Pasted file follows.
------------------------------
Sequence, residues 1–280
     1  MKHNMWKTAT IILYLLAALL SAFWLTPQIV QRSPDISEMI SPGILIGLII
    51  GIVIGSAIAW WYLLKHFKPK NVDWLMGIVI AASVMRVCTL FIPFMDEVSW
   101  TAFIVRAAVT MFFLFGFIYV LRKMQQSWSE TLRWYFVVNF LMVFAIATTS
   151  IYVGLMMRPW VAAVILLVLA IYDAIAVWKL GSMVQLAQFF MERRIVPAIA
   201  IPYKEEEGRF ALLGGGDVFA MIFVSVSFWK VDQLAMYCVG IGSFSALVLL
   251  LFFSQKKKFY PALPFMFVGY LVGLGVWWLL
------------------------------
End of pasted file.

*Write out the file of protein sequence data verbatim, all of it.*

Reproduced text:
Sequence, residues 1–280
     1  MKHNMWKTAT IILYLLAALL SAFWLTPQIV QRSPDISEMI SPGILIGLII
    51  GIVIGSAIAW WYLLKHFKPK NVDWLMGIVI AASVMRVCTL FIPFMDEVSW
   101  TAFIVRAAVT MFFLFGFIYV LRKMQQSWSE TLRWYFVVNF LMVFAIATTS
   151  IYVGLMMRPW VAAVILLVLA IYDAIAVWKL GSMVQLAQFF MERRIVPAIA
   201  IPYKEEEGRF ALLGGGDVFA MIFVSVSFWK VDQLAMYCVG IGSFSALVLL
   251  LFFSQKKKFY PALPFMFVGY LVGLGVWWLL